VERNON TURNER, Appellant v. THE STATE OF TEXAS, Appellee
Opinion By Justice O'Neill
Vernon Turner appeals from his conviction for aggravated robbery. In a single issue, appellant contends the trial court abused its discretion by sentencing him to imprisonment. We affirm the trial court's judgment. The background of the case and the evidence adduced at trial are well known to the parties, and therefore we limit recitation of the facts. We issue this memorandum opinion pursuant to Texas Rule of Appellate Procedure 47.4 because the law to be applied in the case is well settled.
Appellant waived a jury and pleaded guilty to aggravated robbery. Pursuant to a plea agreement, the trial court deferred adjudicating guilt, placed appellant on ten years' community supervision, and assessed a $1500 fine. The State later moved to adjudicate guilt, alleging appellant violated the terms of his community supervision. Appellant pleaded true to the allegations in a hearing on the motion. The trial court found the allegations true, adjudicated appellant guilty, and assessed punishment at ten years' imprisonment.
In his sole point of error, appellant contends the trial court abused its discretion and violated the objectives of the Texas Penal Code by sentencing him to prison because the sentence was not necessary to prevent the recurrence of any criminal behavior. Appellant asserts that because he diligently pursued work and regularly attended his drug treatment classes, the trial court should have considered rehabilitation in assessing punishment. The State responds that appellant has failed to preserve his complaints for appellate review and, alternatively, the record does not support his claims.
Appellant did not complain about the sentence either at the time it was imposed or in his motion for new trial. See Tex.R.App. P. 33.1(a)(1); Castaneda v. State, 135 S.W.3d 719, 723 (Tex.App.-Dallas 2003, no pet.) (for error to be preserved for appeal, the record must show appellant made a timely request, objection, or motion). After sentencing, appellant did not object to the sentence, and his motion for new trial complained that the verdict was contrary to the law and the evidence. Thus, appellant has not preserved this issue for our review.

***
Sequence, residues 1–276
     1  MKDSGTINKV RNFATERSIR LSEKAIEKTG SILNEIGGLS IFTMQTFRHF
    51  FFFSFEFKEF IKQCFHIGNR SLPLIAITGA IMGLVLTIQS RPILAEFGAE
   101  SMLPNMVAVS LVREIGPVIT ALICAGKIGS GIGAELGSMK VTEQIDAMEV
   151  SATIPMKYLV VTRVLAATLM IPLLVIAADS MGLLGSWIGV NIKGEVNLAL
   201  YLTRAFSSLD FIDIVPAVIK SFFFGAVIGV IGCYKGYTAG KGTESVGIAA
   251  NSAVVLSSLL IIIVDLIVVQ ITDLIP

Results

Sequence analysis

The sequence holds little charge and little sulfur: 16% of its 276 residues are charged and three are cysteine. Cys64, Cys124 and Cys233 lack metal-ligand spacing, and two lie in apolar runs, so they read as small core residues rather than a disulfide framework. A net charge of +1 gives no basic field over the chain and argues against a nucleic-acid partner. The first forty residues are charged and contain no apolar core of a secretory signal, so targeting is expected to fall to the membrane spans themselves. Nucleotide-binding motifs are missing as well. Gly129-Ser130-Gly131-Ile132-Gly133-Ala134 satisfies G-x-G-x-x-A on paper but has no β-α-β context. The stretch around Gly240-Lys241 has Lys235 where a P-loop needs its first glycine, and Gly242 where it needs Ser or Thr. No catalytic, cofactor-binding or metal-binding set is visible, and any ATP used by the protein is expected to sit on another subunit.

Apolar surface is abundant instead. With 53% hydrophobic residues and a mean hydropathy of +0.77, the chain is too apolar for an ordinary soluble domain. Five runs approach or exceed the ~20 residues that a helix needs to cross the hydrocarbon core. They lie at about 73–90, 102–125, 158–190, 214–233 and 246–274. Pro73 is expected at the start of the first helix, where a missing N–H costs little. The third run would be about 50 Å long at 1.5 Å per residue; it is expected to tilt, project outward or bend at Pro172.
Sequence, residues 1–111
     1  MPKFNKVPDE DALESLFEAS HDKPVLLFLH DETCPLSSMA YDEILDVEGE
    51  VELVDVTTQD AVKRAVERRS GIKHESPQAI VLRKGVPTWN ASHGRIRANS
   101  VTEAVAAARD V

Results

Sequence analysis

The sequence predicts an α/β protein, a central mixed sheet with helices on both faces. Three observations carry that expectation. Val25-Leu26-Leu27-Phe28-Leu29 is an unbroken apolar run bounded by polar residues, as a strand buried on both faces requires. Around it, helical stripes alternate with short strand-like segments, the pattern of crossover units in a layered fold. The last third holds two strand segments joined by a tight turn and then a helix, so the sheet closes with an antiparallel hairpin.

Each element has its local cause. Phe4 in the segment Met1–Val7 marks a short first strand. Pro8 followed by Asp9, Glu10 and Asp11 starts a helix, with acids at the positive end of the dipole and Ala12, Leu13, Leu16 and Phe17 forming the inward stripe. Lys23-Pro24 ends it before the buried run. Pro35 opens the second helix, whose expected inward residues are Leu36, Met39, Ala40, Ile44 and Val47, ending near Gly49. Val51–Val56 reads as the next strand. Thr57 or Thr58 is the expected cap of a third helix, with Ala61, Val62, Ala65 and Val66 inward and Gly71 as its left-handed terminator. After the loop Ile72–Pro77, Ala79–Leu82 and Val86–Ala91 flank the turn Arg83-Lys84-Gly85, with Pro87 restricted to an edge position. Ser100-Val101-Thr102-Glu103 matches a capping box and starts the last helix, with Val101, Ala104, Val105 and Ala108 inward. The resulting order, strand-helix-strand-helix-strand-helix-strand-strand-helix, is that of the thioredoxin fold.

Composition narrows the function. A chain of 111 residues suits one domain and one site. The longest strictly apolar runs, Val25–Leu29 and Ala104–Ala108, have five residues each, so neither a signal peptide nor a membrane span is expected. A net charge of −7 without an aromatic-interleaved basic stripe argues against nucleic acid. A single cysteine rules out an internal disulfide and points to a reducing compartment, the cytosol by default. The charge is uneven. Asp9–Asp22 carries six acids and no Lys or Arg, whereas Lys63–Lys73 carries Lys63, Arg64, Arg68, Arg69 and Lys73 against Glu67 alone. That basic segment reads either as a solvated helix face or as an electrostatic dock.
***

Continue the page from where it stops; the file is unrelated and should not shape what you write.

Even if appellant had preserved error, however, his arguments still fail. As a general rule, punishment that is assessed within the statutory range for the offense is not excessive or unconstitutionally cruel or unusual. Kirk v. State, 949 S.W.2d 769, 772 (Tex.App.-Dallas 1997, pet. ref'd). In this case, the trial court imposed punishment within the statutory range for the offense. See Tex. Penal Code Ann. §§ 12.32, 29.03(a) (Vernon 2003).
We conclude the trial court did not abuse its discretion in assessing the ten-year sentence. See Jackson v. State, 680 S.W.2d 809, 814 (Tex.Crim.App.1984) (as long as a sentence is within the proper range of punishment, it will not be disturbed on appeal). We overrule appellant's sole point of error.
We affirm the trial court's judgment.
MICHAEL J. O'NEILL JUSTICE